On the average, each of us would generate three to five terabytes of data per day over the next two to three years because we’re more interconnected. When you think about that at the enterprise level, the challenge is how to have the visibility across that much data, detect anomalous behavior, determine whether that behavior was malicious or not, and how to mitigate it.

“At the end of this you’ll see, ironically, is less visibility and less control because traditional approaches cannot scale across a very large ecosystem. These are the two things that we need when working in today’s type of ecosystem: scale because the network is broader than ever, and speed because of how the attacks are being executed it means that breach detection is growing and if we’re going to be successful, we have to be able to react on that speed,” Nguyen-Duy remarked.

Digital transformation and fabric-based security

But as enterprises gear toward digital transformation, complexity comes in and traditional approaches no longer work. Apart from the growing complexity among enterprise networks, Nguyen-Duy also cited other factors that contribute to the problem not without giving a recommendation.

“I think we are at the point of inflection that if we don’t do things in a different way, it’s going to be a lot worse because the same failing teams that are tasked to do the security are also tasked to do the digital transformation. How does that same team that faces constraints in terms of financial resources, structural resources, and shortage of people stretch and scale to address digital transformation? That’s why I think that we have to move beyond the traditional approaches,” he said.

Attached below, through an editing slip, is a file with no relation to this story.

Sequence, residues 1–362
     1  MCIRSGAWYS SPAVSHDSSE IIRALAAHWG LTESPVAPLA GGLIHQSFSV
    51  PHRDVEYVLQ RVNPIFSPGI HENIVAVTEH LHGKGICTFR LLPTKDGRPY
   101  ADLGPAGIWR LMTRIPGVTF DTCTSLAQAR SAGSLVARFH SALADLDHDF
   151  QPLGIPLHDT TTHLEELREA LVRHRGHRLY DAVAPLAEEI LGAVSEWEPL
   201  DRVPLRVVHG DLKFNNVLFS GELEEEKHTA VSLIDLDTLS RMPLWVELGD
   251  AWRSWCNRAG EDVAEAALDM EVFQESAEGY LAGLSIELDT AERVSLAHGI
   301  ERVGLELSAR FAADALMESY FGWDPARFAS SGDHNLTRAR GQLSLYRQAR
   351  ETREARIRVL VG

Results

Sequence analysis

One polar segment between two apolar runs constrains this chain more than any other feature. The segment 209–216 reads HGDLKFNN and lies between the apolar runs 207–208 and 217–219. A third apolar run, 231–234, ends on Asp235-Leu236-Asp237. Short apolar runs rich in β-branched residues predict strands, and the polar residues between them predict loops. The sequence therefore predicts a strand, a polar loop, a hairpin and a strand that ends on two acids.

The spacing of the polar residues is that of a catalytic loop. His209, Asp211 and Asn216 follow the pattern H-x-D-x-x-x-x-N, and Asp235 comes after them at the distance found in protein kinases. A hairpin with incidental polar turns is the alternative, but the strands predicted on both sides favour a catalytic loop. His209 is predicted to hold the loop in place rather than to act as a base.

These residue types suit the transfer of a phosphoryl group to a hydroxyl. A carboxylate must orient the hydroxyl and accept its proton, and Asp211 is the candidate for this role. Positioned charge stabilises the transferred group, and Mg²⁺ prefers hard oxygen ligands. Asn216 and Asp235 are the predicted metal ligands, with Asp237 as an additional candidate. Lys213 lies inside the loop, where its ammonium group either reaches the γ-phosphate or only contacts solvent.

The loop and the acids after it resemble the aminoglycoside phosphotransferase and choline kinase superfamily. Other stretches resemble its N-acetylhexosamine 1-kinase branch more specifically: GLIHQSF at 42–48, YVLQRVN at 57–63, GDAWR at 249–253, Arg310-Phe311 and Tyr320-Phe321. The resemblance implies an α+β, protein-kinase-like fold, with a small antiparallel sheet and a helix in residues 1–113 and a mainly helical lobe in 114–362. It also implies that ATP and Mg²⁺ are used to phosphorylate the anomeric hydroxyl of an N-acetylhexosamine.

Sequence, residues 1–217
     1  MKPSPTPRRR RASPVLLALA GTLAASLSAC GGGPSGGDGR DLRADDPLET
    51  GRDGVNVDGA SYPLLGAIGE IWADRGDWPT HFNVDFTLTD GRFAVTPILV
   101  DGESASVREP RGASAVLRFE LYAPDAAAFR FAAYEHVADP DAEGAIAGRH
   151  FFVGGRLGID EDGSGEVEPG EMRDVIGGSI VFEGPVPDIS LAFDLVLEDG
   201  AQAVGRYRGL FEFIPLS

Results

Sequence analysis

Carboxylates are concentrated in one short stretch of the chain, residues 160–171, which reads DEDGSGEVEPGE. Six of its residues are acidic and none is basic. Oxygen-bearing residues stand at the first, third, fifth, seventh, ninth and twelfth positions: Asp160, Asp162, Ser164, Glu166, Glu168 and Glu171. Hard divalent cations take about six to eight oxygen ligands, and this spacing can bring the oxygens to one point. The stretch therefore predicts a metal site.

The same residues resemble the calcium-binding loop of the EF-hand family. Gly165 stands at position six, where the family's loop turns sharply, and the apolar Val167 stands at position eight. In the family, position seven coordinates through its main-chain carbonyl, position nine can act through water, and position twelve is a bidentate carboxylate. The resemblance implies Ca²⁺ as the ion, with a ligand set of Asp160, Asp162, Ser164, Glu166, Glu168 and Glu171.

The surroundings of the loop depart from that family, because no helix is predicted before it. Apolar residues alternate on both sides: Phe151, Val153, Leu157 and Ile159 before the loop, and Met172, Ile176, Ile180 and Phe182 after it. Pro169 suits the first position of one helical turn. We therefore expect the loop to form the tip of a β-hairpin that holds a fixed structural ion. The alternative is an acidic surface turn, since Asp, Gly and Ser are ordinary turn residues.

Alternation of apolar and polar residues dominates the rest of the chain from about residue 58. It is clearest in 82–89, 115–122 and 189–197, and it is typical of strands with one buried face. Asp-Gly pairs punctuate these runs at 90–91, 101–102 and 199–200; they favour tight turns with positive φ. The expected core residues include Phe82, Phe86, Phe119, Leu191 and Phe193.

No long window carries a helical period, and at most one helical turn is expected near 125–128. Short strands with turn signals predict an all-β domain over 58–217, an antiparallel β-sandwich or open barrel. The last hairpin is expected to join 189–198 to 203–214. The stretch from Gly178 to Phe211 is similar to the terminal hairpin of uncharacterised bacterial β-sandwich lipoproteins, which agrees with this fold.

The normal situation is that companies have multiple vendors for multiple products and they end up with multiple orchestrations of management consoles, in which operators are performing manual mitigation and manual segmentation. Secureworks’s latest research on data protection shows that 30% of the victims that they investigated lost up to 30% of the network resources in first three minutes of the attack. That scenario tells you why traditional methodologies that involve multiple products that were never designed to be integrated and work together are no longer reasonable.

“What they’re doing is what they did on the Titanic. They’re manually closing the watertight doors trying to mitigate damage, which is simply no longer effective in a digitized enterprise. That’s why you need to have a fabric-based approach that offers an integrated series of devices that collect and share information so you can have a mitigation that responds at the machine’s speed,” Nguyen-Duy explained.

The Fortinet Security Fabric delivers broad protection and visibility to every network segment, device, and appliance, whether virtual, in the cloud, or on-premises. This solution synchronizes your security resources to enforce policies, coordinate automated responses to threats detected anywhere in your network, and easily manage all of your different security solutions and products through a single console. Learn more about Fortinet Security Fabric at www.fortinet.com.